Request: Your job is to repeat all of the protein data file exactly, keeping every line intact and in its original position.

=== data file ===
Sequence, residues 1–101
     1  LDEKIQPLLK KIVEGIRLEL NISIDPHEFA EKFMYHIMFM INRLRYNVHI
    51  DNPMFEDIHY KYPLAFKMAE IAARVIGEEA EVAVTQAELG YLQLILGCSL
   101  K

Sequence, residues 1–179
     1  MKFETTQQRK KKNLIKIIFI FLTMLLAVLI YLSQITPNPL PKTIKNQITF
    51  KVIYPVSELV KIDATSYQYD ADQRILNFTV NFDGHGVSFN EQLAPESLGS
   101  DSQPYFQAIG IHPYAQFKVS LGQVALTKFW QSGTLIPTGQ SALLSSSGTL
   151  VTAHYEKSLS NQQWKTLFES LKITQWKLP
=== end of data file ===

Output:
Sequence, residues 1–101
     1  LDEKIQPLLK KIVEGIRLEL NISIDPHEFA EKFMYHIMFM INRLRYNVHI
    51  DNPMFEDIHY KYPLAFKMAE IAARVIGEEA EVAVTQAELG YLQLILGCSL
   101  K

Sequence, residues 1–179
     1  MKFETTQQRK KKNLIKIIFI FLTMLLAVLI YLSQITPNPL PKTIKNQITF
    51  KVIYPVSELV KIDATSYQYD ADQRILNFTV NFDGHGVSFN EQLAPESLGS
   101  DSQPYFQAIG IHPYAQFKVS LGQVALTKFW QSGTLIPTGQ SALLSSSGTL
   151  VTAHYEKSLS NQQWKTLFES LKITQWKLP